The mortgage market is projected to perform much better in the third quarter than originally expected. With the third-quarter results in for one of the first lenders, it looks like this could be true. Fifth Third Bancorp not only posted an increase in residential mortgage loan portfolio balances, but it also posted an increase in originations.
Fifth Third Bancorp welcomes a new executive to lead it mortgage department. This is the same lender that announced a new zero down payment mortgage program earlier this month. Edward Robinson comes to the position prepared, bringing a solid track record of success in a variety of challenges and roles.
Fifth Third Bancorp will pay $85 million as a part of settlement with the federal government over allegations that the bank failed to self-report mortgages it knew to be defective, causing millions of dollars in losses to the Department of Housing and Urban Development.
Meet Kevin Taylor. In 2013, he left his position running mortgage-backed securities trading desk at Fifth Third Bank to start Mariemont Capital. And according to a report from the Cincinnati Business Courier, Taylor is finding success investing in residential mortgage bonds and delivering big returns for his investors.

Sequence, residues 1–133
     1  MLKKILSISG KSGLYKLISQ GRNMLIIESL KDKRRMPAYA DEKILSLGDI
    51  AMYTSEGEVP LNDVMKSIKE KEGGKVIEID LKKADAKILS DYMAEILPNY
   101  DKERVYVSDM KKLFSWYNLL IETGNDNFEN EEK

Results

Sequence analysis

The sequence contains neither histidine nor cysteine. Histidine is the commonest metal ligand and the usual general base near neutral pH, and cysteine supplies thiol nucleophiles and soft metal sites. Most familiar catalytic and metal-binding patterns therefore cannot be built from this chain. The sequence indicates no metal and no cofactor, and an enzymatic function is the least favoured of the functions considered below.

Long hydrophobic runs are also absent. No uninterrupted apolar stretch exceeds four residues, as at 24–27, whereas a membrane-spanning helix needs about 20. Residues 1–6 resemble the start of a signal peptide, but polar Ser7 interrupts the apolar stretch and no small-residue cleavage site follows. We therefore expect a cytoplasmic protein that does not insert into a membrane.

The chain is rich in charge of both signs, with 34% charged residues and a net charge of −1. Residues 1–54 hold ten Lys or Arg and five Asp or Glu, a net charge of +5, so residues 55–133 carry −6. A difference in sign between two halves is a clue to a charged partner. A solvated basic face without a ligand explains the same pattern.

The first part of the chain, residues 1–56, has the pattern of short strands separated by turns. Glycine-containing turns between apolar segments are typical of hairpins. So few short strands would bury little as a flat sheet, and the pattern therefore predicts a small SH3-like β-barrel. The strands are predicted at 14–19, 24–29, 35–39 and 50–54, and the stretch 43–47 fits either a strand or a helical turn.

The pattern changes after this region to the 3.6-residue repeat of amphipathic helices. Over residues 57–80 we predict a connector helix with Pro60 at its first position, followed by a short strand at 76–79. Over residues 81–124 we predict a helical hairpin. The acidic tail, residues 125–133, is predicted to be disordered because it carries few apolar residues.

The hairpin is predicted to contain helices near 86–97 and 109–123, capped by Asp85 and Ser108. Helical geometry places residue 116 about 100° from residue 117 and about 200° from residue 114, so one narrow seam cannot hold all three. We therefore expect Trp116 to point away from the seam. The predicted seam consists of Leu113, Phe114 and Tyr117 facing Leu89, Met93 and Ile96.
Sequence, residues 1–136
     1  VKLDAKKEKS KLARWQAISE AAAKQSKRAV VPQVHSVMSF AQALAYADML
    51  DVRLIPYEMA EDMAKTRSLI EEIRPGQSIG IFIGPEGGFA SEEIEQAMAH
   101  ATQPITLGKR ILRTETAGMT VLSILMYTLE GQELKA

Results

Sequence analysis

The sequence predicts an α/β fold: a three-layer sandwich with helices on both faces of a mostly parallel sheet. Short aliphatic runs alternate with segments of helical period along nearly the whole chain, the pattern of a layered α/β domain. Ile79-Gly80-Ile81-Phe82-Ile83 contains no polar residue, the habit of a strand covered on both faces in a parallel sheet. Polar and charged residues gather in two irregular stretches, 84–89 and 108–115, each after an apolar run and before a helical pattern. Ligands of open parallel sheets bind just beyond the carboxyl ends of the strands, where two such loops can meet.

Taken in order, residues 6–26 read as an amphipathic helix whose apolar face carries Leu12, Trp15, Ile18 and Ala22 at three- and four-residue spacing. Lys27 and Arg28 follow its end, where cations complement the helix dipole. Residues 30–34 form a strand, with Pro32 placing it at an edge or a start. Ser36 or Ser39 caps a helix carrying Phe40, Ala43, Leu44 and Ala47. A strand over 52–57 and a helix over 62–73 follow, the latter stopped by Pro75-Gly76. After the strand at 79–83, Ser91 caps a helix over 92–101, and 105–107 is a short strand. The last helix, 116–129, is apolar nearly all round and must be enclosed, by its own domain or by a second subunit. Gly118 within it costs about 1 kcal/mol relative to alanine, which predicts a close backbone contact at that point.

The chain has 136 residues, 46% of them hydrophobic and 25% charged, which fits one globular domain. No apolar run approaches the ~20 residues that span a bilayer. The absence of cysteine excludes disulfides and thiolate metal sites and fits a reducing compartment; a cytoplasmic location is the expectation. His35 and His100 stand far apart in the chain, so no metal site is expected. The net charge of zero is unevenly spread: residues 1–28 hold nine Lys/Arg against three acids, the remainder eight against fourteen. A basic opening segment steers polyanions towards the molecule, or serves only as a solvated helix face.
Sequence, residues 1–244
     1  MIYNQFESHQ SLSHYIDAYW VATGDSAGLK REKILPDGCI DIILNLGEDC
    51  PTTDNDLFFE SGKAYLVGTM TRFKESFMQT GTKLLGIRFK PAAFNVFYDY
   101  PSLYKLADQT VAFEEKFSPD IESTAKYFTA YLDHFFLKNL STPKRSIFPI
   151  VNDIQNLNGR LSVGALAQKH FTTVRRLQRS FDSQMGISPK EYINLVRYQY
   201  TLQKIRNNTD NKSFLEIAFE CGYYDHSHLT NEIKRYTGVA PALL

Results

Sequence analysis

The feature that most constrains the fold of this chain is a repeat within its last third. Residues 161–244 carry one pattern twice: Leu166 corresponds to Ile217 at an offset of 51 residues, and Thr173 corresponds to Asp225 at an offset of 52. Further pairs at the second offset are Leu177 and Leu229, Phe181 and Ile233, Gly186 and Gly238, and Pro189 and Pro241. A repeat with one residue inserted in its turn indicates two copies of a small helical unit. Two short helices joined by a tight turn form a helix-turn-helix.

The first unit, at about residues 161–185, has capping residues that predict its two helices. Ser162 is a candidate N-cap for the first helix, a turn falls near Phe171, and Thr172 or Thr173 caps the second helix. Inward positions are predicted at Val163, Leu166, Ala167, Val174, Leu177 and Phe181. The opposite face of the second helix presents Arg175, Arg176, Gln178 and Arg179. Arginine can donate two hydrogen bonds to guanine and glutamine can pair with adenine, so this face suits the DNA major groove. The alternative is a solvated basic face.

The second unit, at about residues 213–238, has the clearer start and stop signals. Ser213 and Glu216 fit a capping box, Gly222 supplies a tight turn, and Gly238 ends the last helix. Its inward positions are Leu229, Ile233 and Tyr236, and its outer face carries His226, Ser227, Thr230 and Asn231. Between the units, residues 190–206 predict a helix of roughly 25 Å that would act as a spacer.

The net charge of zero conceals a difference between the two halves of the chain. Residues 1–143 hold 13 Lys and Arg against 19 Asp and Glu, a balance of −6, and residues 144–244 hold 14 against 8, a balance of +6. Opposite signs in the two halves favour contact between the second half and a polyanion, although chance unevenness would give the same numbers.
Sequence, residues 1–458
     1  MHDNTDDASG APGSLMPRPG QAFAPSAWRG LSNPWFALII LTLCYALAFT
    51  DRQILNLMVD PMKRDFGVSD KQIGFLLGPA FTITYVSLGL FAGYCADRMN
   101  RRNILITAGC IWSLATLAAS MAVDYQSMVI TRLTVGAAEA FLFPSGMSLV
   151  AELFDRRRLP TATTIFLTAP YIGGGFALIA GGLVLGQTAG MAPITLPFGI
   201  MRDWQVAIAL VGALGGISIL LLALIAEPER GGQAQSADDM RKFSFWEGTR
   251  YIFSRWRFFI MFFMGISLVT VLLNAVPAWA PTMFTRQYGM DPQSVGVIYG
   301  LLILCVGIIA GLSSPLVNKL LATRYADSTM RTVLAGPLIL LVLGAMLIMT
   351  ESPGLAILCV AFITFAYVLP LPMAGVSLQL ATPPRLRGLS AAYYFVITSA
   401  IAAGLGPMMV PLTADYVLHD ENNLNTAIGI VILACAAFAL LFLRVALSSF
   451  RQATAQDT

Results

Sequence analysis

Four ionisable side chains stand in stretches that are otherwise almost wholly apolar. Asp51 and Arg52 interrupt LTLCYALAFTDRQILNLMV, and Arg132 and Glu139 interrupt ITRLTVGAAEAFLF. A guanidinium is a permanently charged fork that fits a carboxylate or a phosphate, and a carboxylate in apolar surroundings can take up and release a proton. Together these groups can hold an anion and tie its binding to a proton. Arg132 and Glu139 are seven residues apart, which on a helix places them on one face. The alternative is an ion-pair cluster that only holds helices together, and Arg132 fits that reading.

"While this was an extremely difficult decision to make, we intend to build on our leadership position in the correspondent market and remain committed to purchasing loans from smaller financial institutions and independent mortgage companies," mortgage head says in letter.
These risks are real. For example, even if interest rates were to fall, mortgage originations may also fall. Any increase in mortgage originations may not be enough to offset the decrease in the MSRs value caused by the lower rates, the bank states.
For many observers, “skin in the game” is synonymous with a large down payment that limits lender or investor risk. However, skin in the game can be defined much more broadly, since financial investment is only one factor that mitigates risk.
The Silicon Valley area added 385,000 jobs between 2010 and 2015, but only issued building permits for 58,000 units in that same time frame, creating an unsustainable housing marker that shuts out all but the richest buyers. What, if anything, can be done to cool off skyrocketing home prices?